Country girl comes home to painting murals

Her name is Annie Reavey. She was a textile designer in London, England, and now she paints murals.

The Walker resident walked into Wasabi's Asian Bistro on Feb. 21, and opened her portfolio containing pictures of Elton John wearing some of her creations.

"I met Elton John and we just hit it off," said Reavey. "I had purple hair, he had green hair. I had rhinestones, he had diamonds."

"Once I started Elton John's clothes, I did 12 outfits."

These days, Reavey is focusing on designing murals. She recently painted the Japanese carp that are on the overhead lighting fixture at Wasabi's.

"I can tackle any subject," said Reavey, turning the plastic coated pages revealing pictures of living rooms, bedrooms, bathrooms, childrens rooms and front lobbies of hotels, lodges and businesses. She has photos of walls in a rock and blues club, a dental office and a Holiday Inn. She has painted everything from whimsical to boys' construction zones, from desert landscapes to wooded forests. And most of them are personalized with little additions, at the customer's request.

"I can do local landscapes, animals, people dancing, singing, playing and just being. Give me a wall and I'm ready to paint it."

Her photos show rooms that are transformed after murals have been added. Mirrors can double the width of a mural, she said.

"In murals, I take the light from the darkest corner of the room," said Reavey. "I can put windows in places that don't have windows.

"I can do faux wood and backgrounds and even a wooden door. In essence, some people think murals close you in. Murals really open it up and give depth."

She is also looking into painting portable murals on canvas that can be moved.

But, this is a long way from how Reavey first made her living.

"I've been painting and drawing since I was 5 years old," said Reavey. "My grandfather was an artist. I exhibited since I was 9 or 10 in England."

Reavey attended art college, taking her first year of classes at Oxford University and obtaining her bachelor of arts degree at Leicester University. At that time she chose to specialize in textile design.

"It was a toss up between interior design or fashion," said Reavey.

After graduation, she returned to Oxford University to teach, finding that artists often wondered why they had to learn fashion. But Reavey felt it was a good place to start.

"To me, textiles is a surface. The whole world is a surface," said Reavey.

Reavey began doing freelance work in London with the "current designers of the day" through a recommendation by an editor at "Vogue" magazine. She worked in textile design, experimental design, shoes, colorwork and fashion. She also sent "fashion forecast" reports around the world through the American Merchandising Corp.

During this time she met Steve Brown, who put Elton John and Bernie Taupin together. When John, Taupin and several others opened their Rocket Record offices, Brown invited her to paint murals and a piano, and so she met John. At that time "he was still a hippie," said Reavey.

John commissioned Reavey to design and produce 12 stage outfits for his 1972 tour. She became, as quoted in the "Elton John Sothebys Art Auction Catalogue," "the first professional stage costumer" for him.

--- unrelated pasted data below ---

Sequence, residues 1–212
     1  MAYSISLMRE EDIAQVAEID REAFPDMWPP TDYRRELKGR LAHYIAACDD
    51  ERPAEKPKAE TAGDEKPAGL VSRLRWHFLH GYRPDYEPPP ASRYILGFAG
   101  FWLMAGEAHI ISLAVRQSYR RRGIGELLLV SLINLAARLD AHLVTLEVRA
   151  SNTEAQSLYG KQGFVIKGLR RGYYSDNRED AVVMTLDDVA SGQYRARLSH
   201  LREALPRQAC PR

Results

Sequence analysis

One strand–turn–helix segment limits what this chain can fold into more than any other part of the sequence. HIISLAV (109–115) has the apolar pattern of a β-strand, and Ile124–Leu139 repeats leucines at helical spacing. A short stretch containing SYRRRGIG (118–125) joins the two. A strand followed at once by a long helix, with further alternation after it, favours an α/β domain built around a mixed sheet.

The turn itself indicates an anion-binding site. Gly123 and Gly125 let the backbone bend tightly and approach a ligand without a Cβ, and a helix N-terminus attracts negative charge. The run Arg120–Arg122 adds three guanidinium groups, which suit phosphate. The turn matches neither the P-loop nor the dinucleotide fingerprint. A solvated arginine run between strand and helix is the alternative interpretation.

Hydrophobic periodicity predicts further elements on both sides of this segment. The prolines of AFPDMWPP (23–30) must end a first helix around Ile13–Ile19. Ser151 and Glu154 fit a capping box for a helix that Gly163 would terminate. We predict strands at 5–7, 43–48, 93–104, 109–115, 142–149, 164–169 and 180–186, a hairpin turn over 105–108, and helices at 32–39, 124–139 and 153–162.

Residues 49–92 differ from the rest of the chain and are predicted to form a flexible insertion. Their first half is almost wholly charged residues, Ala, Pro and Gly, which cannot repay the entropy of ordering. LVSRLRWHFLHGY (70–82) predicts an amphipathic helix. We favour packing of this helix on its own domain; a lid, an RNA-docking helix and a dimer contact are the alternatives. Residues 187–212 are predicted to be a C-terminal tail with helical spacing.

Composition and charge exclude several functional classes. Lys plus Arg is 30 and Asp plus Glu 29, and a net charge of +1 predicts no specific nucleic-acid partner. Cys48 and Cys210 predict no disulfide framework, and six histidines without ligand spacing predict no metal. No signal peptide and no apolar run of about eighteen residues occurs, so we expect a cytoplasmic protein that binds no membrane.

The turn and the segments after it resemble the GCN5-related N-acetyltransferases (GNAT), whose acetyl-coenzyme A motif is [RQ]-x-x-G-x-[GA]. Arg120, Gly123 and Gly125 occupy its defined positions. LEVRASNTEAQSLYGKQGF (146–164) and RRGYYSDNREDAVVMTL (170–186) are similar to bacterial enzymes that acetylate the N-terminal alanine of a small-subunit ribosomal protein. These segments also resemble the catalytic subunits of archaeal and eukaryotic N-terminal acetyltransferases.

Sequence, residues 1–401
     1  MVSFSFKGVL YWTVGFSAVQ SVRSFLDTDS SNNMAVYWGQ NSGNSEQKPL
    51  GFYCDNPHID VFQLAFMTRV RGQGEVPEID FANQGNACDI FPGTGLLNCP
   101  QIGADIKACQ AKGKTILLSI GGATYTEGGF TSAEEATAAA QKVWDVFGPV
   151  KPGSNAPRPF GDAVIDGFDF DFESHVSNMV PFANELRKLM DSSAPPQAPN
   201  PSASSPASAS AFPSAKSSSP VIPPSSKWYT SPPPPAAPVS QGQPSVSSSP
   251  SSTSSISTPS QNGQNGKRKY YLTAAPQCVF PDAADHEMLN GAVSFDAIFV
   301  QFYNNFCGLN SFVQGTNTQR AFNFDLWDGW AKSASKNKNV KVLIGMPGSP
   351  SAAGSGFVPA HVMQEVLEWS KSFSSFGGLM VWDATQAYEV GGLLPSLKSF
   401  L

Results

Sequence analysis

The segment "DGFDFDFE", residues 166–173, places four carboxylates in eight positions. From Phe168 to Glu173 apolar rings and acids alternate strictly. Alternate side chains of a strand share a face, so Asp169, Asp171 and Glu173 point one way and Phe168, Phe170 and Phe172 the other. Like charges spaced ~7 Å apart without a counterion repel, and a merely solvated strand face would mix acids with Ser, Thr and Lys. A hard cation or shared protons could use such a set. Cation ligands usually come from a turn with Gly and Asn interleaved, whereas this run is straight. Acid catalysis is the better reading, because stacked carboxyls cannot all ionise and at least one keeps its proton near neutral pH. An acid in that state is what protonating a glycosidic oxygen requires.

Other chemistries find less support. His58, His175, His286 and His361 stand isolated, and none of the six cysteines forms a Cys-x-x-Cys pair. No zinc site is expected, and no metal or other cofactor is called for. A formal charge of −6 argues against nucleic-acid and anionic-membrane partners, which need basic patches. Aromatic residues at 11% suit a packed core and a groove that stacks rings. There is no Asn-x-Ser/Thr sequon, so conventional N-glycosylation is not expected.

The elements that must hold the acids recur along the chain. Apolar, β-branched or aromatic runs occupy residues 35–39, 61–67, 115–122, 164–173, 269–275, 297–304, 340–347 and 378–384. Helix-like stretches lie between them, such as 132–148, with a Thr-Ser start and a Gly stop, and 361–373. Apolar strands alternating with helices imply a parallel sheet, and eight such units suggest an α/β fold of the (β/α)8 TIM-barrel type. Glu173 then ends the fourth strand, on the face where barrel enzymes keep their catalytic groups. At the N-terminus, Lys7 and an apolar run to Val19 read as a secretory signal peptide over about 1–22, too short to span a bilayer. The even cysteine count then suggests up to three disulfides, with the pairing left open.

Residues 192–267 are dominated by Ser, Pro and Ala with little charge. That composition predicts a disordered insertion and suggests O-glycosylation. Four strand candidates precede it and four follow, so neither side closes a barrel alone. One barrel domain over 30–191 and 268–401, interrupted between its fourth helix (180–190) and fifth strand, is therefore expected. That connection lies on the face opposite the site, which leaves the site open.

"Many a zany outfit was produced over the next 2 1/2 years," said Reavey. "We became more and more humorous and outrageous over the years as Elton and I spent many late night sessions laughing and pushing the envelope toward shoes and glasses, as well as clothes.

"His home was one of my most favorite art galleries."

In 1975, Reavey came to Los Angeles from England. She continued to work within the music industry, designing custom clothing for Kiki Dee, Jeff "Skunk" Baxter of the Doobie Brothers and sports clothing. She also did interior design art for industries.

In 1977, due to parental responsibilities, Reavey decided to slow down and move to Palm Springs, Calif., where she designed and produced custom clothing for Barbara Sinatra and Alice Faye, among others. She relocated to Idyllwild, Calif., designing clothing for high-class boutiques and creating a new hand-decorated clothing line "Annie Reavey Originals," which was carried in about a dozen stores. At the same time she taught at Isomata, a high school-summer school for music and the arts.

Eighteen years ago Reavey moved to Mammoth Lakes, and continued to work in theater, designing backdrops for sets in local and high school theater. She also continued her clothing business. After a while, she transferred her attention to painting signs and murals.

"I know from my sign painting experience and set painting experience that things have to look equal from a distance and up close," she said.

She took jobs doing window painting, during which she discovered that the wet weather in Mammoth was not conducive to paint. So she learned to paint backwards on the inside of the windows.

Four years ago, Reavey moved to Walker, Calif., where she continues to pursue a career as a muralist, and has painted murals in Wasabi's and Bella Vita, both in Minden Village.

"I grew up in the country, now I'm in Walker," said Reavey.

So what brought about the change from high fashion designer to small town muralist? Reavey said she was tired of the rock 'n' roll life and needed something simpler.

"I just finally came down to 'I really like doing murals,'" said Reavey, giggling.

-- Jo Rafferty can be reached at or 782-5121, ext. 210.


Use the comment form below to begin a discussion about this content.

Sign in to comment